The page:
Saturday, November 17, 2007

What others are doing part 2: the gates

As I mentioned in a previous post, a major theme this weekend seems to be: The U.S. should do better than this. As the Iraq War continues, the connection between the War on Terror and the SOA has only grown. Torture was at the forefront of the connection: The U.S. military has taught torture at the SOA and it has committed torture as well--and provided legislative support of torture. Torture Abolition Survivor Support Coalition (TASSC) had speakers at the gate who addressed not only the question of their own torture in other countries, but the fact that they had sought refugee in a country that tortures. Just ask us whether waterboarding is torture or not, said a man from Ethiopia.

Father Roy Bourgeois, who spent four years in the military, said that he knows that the military does not teach democracy, as SOA/WHINSEC claims it does. "This is not a setting where you can teach democracy," he said, referring to the barb wire, fences, and no trespassing signs. He and other speakers called for the United States to regain its status as a leader for human rights and democracy.

I couldn't list all of the organizations at the gates, but two stuck out to me as particularly interesting. David Solnit is an anti-war activist and puppeteer who created a small puppet show to promote the Army of None movement, which counters military recruitment. He's been on this path since he first refused to sign up for the draft in 1979. This caught my eye in light of the stories of the threatened expulsions of students in a Chicago suburb for protesting the Iraq War (and military recruiters in their school). Another group, Fellowship for Reconciliation, is working on a similar project in Colombia. FOR is organizing delegations of young people from Colombia and the U.S. to work together to fight military recruiting.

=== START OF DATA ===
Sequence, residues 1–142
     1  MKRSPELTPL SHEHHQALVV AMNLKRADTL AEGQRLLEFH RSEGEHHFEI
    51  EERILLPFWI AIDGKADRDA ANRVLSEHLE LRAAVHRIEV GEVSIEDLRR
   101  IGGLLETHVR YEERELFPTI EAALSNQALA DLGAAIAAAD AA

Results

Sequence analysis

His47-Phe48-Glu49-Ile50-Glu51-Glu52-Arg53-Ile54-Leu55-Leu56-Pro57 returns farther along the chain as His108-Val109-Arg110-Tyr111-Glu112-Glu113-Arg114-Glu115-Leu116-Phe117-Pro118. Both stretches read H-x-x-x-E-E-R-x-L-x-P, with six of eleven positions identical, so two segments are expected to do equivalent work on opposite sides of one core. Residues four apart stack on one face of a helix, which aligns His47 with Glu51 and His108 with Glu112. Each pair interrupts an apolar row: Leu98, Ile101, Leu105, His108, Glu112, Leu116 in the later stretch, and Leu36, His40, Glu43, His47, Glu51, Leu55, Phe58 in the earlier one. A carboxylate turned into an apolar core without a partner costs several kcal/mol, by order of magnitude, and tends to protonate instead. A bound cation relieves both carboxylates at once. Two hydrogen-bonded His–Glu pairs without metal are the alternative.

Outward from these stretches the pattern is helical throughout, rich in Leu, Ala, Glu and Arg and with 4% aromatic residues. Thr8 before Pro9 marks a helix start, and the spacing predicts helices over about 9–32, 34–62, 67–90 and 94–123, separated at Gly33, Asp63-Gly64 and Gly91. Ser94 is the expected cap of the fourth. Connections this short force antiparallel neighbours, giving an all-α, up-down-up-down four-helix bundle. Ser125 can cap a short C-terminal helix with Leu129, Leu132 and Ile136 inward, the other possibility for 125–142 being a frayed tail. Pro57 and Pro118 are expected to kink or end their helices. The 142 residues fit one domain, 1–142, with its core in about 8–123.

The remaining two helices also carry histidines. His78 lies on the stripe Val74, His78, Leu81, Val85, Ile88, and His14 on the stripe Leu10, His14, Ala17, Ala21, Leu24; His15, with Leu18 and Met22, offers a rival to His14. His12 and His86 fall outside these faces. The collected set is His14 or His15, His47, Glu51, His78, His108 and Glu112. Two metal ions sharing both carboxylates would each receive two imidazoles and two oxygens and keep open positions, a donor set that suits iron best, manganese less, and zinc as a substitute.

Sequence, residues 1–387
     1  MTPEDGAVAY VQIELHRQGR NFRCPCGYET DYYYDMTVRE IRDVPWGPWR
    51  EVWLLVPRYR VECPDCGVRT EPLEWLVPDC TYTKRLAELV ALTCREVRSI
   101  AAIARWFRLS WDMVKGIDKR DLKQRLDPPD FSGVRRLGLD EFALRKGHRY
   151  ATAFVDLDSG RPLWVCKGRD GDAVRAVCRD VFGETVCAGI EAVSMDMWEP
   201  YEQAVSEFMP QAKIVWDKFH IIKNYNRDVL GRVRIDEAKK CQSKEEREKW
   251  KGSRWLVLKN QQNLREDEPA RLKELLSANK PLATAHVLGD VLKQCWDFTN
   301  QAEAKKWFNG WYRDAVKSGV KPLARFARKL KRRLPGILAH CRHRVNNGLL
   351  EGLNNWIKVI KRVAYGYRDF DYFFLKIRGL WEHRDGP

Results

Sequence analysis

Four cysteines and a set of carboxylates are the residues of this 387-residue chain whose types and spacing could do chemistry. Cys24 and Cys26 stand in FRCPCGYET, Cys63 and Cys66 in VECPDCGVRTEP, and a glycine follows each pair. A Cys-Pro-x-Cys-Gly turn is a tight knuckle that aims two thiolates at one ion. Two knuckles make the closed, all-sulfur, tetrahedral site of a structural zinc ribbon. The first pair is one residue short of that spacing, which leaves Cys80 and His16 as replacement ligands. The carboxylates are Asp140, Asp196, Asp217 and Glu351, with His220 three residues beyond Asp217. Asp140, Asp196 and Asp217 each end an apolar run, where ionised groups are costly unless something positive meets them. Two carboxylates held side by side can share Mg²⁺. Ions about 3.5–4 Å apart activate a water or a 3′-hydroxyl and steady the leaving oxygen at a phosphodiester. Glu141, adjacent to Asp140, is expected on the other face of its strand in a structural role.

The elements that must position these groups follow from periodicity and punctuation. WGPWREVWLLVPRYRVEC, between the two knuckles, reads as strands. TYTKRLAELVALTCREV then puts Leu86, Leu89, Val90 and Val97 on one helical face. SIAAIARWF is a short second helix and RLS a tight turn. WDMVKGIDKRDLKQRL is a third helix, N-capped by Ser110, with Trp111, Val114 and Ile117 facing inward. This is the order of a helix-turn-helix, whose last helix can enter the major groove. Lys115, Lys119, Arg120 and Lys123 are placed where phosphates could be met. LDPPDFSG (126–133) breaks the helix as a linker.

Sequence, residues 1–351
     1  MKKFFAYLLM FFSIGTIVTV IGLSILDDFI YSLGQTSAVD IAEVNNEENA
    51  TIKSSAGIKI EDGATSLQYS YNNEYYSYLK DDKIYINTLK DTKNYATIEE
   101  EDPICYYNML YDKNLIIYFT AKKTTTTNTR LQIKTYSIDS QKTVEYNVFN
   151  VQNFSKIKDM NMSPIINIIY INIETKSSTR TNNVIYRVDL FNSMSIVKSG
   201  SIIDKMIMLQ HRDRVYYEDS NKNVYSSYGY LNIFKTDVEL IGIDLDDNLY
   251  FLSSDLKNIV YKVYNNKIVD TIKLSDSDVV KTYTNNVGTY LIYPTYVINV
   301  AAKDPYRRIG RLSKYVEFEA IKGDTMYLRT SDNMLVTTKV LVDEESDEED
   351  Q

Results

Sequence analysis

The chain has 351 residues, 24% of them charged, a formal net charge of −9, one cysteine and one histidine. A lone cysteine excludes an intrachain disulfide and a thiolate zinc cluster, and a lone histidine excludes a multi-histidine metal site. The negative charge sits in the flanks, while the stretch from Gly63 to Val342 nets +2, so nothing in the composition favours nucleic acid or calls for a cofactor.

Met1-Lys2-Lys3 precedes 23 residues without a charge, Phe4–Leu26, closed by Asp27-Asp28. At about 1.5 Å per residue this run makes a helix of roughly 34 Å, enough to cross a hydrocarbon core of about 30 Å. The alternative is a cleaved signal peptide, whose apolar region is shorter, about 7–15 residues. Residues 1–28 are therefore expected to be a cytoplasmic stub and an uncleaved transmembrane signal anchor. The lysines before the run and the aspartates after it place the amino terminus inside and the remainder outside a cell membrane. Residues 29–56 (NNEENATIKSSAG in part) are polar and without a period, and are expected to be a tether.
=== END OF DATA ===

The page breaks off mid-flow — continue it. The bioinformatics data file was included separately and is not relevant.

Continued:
It's debatable of whether the line between protesting the military and protesting just the SOA is getting too blurry, but it's hard not to see parallels today.

It is always important to distinguish good soldiers from not-so-good institutions though. The blame does seem to fall mostly on the political figures, especially Bush.
But even though the elections are next year, not many people are courting the protester's votes. There was only one presidential campaign at the protest: Dennis Kucinich.


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